Hey there. I was a deeply religious Christian until age 20 or so, struggled for 3 or 4 years before being able to confidently call myself atheist. That was 4 or 5 years ago, I have rebuilt my identity and belief system and am happily living a richer, more loving life. I feel at peace with where I am, much more at peace with where I’ve been; couldn’t, but wouldn’t, go back... Maybe it’s just a personal problem, or life—but there’s one thing that I haven’t been able to and don’t know how to replace after giving up faith: Everything used to be okay, no matter what. I could pray, and not worry, for the most part, about things out of my control. I think it’s a positive that I can’t just be at peace, and cop out (leave it to “God”), when I do have choices to make and can take action. I am getting better at seeing multiple paths and possibilities and do have a wonderful support system of friends. I’m just not great with uncertainty, and I don’t know what to do with life’s bad, now that there’s not a larger purpose for it all, no reason to believe that things will culminate with good… I think practicing mindfulness may be the closest I’ve come, or the most promising help—to learn to focus consciousness and give attention to the present moment with acceptance. It’s definitely a practice that takes practice, but it provides some sense of calm, and control learning to have that focus. Still, I have a hard time. Any suggestions other than anxiety medication? What do you do with hard times and uncertainty without the belief that everything happens for a reason and there is a positive force in control?

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I content myself with the fact that at least there is no malign influence out to get me. Honestly I have been very fortunate in life, with little in the way of true difficulty. When my grandpa was possibly going to die i could at least say he lived a good, full life. Cold, perhaps, but it helped me a little.

equanimity. Buddhists tell a great story about a man who was a farmer. This man was old and was dependent on his son to run the farm. One day their only horse, which they used to plow the land ran away. The neighbor tells the old man, "that's horrible, that was your only horse! What will you use now to plow your land?" To this, the old man replied "as to the question if this is a good thing or a bad thing? Maybe." The next day, the horse that escaped came home and led with it three other horses. To this, the neighbor said, "That's wonderful. Now you have three horses." To this, the old man said "maybe." Later that day, while his son was trying to break one of the horses, he broke his leg. To this, the neighbor said, "that's horrible, who will farm your land?". To this the old man replied, "maybe". Later that day an army was passing by. And its leader knocked on the old man's door to notify him that his son had been drafted into the army. The old man explained that his son had a broken leg. He was therefore spared from going into the military. Was this a good thing? Maybe.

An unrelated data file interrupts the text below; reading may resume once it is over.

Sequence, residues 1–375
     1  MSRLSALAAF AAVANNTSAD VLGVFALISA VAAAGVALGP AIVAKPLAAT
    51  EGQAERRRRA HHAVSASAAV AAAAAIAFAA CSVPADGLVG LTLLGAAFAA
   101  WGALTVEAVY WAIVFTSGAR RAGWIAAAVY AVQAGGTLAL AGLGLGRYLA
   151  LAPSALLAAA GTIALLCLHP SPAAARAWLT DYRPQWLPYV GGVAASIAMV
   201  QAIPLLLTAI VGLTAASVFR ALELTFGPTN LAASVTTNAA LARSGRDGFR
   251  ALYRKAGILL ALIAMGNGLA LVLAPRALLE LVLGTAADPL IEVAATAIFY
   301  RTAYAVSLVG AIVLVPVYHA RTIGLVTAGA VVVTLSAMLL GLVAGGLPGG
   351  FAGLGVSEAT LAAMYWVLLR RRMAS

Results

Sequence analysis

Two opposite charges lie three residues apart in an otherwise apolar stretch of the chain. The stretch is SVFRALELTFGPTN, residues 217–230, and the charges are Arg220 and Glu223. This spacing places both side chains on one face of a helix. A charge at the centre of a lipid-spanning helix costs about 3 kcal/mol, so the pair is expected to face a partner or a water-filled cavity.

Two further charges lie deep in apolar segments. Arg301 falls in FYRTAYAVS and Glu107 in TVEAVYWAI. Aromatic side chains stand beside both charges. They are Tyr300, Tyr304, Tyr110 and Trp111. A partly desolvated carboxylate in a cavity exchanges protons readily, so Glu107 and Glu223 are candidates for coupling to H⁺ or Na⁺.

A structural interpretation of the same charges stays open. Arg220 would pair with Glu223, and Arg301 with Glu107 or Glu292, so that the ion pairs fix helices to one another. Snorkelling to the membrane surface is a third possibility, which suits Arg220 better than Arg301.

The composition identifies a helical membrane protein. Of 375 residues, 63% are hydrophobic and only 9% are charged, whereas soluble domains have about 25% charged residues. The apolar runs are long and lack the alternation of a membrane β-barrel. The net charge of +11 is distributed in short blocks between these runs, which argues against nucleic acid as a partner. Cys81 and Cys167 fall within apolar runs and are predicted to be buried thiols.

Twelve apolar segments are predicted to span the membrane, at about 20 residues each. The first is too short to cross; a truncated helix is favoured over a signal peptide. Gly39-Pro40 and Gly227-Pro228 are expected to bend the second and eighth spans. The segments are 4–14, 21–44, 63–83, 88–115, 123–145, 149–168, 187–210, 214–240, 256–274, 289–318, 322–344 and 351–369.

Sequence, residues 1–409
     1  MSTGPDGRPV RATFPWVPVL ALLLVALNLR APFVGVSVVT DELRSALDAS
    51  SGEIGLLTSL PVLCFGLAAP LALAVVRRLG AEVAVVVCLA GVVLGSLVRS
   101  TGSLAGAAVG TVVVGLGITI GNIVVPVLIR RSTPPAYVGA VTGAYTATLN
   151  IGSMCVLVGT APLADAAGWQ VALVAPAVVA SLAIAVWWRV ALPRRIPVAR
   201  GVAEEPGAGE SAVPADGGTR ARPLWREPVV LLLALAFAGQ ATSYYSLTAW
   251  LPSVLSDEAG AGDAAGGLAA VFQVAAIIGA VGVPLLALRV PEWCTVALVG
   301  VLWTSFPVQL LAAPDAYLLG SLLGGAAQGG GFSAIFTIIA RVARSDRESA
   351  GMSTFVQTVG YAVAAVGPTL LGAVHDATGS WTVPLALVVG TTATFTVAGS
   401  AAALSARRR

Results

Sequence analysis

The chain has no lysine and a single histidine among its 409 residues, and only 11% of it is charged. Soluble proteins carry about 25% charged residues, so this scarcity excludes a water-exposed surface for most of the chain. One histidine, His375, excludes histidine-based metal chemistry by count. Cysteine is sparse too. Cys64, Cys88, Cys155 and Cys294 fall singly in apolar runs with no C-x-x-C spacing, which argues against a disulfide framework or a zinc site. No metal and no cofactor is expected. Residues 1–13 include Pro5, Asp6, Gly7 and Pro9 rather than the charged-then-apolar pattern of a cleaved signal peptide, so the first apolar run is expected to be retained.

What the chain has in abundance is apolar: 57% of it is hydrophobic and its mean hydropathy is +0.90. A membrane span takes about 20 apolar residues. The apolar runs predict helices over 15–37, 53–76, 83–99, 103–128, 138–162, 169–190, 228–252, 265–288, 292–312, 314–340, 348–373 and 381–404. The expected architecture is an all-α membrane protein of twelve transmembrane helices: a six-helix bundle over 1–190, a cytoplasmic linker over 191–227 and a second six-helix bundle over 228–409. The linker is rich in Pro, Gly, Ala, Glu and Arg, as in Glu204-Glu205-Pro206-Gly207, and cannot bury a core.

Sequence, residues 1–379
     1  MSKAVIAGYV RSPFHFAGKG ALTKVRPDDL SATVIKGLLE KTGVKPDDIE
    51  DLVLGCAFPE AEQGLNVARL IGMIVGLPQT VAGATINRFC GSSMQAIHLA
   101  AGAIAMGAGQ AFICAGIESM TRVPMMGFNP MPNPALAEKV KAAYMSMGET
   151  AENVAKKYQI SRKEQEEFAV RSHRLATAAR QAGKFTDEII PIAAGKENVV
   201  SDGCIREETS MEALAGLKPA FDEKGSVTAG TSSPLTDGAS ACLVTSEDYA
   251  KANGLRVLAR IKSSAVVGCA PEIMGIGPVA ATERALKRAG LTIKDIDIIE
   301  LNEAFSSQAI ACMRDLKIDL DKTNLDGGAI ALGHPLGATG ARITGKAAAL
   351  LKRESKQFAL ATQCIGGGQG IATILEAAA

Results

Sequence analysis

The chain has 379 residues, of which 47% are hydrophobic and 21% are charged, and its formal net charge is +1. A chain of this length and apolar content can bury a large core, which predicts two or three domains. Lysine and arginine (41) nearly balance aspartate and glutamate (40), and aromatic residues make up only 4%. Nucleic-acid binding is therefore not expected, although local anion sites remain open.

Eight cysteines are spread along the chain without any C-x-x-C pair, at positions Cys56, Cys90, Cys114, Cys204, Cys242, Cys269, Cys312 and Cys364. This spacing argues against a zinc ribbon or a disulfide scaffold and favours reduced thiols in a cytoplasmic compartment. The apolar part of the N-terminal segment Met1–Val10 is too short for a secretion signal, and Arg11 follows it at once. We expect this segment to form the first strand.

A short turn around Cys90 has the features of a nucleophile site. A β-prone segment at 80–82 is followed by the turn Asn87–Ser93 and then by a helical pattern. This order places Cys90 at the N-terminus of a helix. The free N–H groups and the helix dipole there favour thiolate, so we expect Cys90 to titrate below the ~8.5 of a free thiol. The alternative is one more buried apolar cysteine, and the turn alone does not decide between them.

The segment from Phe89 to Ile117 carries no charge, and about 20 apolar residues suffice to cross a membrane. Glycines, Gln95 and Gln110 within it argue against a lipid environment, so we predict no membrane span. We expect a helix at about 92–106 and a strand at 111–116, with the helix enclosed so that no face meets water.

Anyway, every situation presents its fair share of opportunities, its fair share of hardships, its fair share of pain, and its fair share of pleasure. Problems rarely exist with the situation itself, problems exist within the scope of our perceptions.  

What do you do with hard times and uncertainty without the belief that everything happens for a reason and there is a positive force in control?

I cry.  I worry.  I fret.  I doubt.  I scream.  I fuss.  In essence, I feel bad... until I feel better.

The numbing effects of prayer in times of uncertainty are very much like the numbing effects of alcohol and drugs - the primary accomplishment is in allowing the individual to avoid painful feelings.  Painful feelings aren't something you should try to avoid, however, they're a normal part of being human.  Like any recovering addict, you need to learn how to live WITH those feelings, rather than trying to medicate or will them away.  Eventually you should come to a place where you don't automatically try to eliminate that pain, but instead suffer through it with the help of your support system.

Have you checked out the resources available at Recovering From Religion?

This is a short piece of adcice, but I've found it to work ... 'Acceptance.'

Just accept that what is as what it is.

Also, now that you know this isn't about appeasng or pleasing a god, you could maybe allow yourself to be a bit more easy going about life (??) Afterall, it's only consciousness (isn't it ?)


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